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Do these sentences convey the same meaning? If not, what's the difference?

Pisces feel like fish in an infinite ocean of thought and feeling.
Pisces are like fish in an infinite ocean of thought and feeling.

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"Feel like" has multiple meanings in English. The first sentence could be interpreted as "when I touch Pisces, they feel [to me] as if they are fish in...". "Feel like" can also mean "feel as if I want", as in the old joke: "I feel like a cup of tea" / "Funny, you don't look like one". – DJClayworth Aug 17 '11 at 16:58
up vote 2 down vote accepted

The first sentence, "Pisces feel like ..." is stating a fact about how a Pisces feels. The second sentence is making a simile about how Pisces are, and you have to infer that if a Pisces IS that way then they would feel it. The first sentence speaks more to the emotions felt by the person whereas the second leaves it open to interpretation as to what an infinite ocean of thoughts and emotions would mean.

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These are similar, but are not the same. The first sentence is more emotive and is more of an internal state. The second sentence could, but doesn't necessarily imply that this is an externally visible trait.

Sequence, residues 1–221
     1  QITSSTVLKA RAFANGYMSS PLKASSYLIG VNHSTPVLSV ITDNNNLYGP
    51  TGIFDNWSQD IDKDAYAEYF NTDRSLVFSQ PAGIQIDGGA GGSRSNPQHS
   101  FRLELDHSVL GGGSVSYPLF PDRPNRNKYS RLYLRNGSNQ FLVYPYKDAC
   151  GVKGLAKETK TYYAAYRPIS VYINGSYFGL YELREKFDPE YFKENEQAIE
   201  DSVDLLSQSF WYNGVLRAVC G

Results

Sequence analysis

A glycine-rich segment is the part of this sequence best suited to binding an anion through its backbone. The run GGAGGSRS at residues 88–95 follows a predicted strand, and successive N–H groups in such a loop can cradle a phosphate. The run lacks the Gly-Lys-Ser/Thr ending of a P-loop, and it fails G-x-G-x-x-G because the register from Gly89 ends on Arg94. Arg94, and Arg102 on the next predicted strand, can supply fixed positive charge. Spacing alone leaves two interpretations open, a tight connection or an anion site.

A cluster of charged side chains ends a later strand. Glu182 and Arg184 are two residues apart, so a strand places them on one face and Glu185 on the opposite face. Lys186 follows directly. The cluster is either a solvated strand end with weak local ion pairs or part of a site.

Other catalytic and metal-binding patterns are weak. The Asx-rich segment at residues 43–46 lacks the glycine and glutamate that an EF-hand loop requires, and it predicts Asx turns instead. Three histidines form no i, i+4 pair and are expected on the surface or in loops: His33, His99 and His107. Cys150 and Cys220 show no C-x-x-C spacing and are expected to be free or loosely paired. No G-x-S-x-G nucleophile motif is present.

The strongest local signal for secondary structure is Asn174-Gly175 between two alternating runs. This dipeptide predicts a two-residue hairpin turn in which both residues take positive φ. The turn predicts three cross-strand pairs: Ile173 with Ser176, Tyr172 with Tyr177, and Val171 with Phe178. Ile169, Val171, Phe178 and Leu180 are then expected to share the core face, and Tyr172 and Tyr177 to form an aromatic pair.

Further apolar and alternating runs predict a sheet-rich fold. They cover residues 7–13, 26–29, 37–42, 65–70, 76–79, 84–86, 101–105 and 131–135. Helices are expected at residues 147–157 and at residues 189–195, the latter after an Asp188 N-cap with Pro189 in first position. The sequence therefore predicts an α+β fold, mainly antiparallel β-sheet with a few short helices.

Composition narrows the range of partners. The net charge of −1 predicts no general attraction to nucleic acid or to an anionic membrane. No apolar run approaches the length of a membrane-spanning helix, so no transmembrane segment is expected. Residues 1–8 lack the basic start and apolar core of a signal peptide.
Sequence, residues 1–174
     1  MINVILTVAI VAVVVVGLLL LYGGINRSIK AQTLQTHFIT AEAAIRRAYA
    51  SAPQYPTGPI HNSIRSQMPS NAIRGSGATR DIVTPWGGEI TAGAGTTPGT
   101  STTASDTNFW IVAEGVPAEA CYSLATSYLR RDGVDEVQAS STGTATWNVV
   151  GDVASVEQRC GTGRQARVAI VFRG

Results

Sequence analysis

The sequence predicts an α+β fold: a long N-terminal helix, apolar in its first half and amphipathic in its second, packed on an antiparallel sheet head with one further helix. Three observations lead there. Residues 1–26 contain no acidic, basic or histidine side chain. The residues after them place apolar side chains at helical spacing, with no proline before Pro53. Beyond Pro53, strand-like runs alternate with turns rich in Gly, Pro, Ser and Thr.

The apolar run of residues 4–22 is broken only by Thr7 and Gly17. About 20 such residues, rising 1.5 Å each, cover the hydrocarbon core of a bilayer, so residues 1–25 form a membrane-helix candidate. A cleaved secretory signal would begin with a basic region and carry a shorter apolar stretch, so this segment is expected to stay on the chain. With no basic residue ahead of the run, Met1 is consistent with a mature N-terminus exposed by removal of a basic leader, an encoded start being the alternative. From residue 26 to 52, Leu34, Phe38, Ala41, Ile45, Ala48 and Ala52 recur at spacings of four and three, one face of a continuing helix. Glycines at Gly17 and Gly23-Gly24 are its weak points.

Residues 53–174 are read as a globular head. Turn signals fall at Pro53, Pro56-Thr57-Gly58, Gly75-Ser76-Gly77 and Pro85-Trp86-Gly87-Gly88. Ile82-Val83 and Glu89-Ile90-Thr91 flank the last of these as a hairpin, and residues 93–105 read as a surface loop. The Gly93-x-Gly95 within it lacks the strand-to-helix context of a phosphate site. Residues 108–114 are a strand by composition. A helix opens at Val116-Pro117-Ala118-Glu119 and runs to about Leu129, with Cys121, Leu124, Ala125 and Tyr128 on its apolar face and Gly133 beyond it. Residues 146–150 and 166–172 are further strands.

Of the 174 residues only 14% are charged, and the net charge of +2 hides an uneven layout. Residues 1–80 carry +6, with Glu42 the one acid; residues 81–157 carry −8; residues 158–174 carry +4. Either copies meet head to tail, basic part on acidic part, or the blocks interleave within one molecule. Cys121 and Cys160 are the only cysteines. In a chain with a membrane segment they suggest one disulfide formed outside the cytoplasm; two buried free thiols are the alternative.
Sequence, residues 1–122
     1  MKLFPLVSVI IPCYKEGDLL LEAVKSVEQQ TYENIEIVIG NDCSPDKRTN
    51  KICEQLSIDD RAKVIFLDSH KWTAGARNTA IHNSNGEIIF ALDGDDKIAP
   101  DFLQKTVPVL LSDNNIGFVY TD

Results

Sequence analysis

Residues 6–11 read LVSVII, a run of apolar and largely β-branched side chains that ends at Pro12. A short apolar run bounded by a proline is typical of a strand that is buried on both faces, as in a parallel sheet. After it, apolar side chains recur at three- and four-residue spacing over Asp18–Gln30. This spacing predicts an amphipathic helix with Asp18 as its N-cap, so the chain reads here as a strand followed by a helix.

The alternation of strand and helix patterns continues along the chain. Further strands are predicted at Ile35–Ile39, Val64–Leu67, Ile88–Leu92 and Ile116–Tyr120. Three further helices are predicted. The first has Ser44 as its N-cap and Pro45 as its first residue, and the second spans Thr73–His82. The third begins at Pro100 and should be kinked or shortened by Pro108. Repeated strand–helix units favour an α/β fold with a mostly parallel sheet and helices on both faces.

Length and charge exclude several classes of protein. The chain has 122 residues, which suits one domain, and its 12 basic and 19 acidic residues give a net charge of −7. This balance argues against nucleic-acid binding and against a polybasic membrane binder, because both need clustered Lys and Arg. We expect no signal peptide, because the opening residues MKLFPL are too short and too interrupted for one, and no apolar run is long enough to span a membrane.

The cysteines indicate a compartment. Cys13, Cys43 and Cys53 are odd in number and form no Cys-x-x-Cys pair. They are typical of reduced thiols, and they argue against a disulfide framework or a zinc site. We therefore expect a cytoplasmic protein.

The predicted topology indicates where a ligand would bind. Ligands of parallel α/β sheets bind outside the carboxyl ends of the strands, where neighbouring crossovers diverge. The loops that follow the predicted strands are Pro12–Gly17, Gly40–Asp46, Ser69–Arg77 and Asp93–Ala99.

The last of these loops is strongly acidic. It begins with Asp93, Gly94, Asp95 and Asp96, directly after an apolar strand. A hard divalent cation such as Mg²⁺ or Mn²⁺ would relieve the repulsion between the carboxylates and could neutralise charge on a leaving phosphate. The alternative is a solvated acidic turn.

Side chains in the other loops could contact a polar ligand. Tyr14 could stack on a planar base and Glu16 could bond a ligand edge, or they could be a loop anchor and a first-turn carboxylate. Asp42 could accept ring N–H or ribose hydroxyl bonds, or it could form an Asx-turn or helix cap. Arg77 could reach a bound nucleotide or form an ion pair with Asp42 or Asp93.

Normally, 'to feel' and 'to be' are more strongly separated as internal vs. external. However, in this case, the things that Pisces are being or are feeling are already internal things, so the distinction is much finer.

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There is actually an ambiguity in the "feel like" example if the thing being described is capable of feeling. Assuming that "pisces" here means "People whose astrological sign is Pisces", they are capable of feeling, so it could mean that they experience the sensation of being like fish, or that I (the speaker) have the feeling that they are like fish. – Colin Fine Aug 17 '11 at 13:48

No. You can feel like what you are not, and you can be more or less than what you feel you are.

So, are they actually like fish in an infinite ocean of thought and feeling, or do they merely feel like they are?

To get the point across a bit better there is a good deal of difference between the two following phrases:

They feel dead. 
They are dead.

The first implies that they, whoever they are, merely feel very bad or tired or run down. The second implies that they are dead; really no other way to take that one.

Now, with the use of simile in your examples, it's a little more complicated than with a definite state of being. Generally, I would say that if you are going to use "are" with a simile, it should be something that they actually are like. For instance, from the top of a large building you might say "The people are like ants."

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feel like to be inclined, willing or anxious to (do or have something) I don't feel like going out; I expect he feels like a cup of tea. be like Informal To say or utter. Used chiefly in oral narration: And he's like, "Leave me alone!"

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Irrelevant. Read the question. It is not about that meaning of "feel like". – Colin Fine Aug 17 '11 at 13:42

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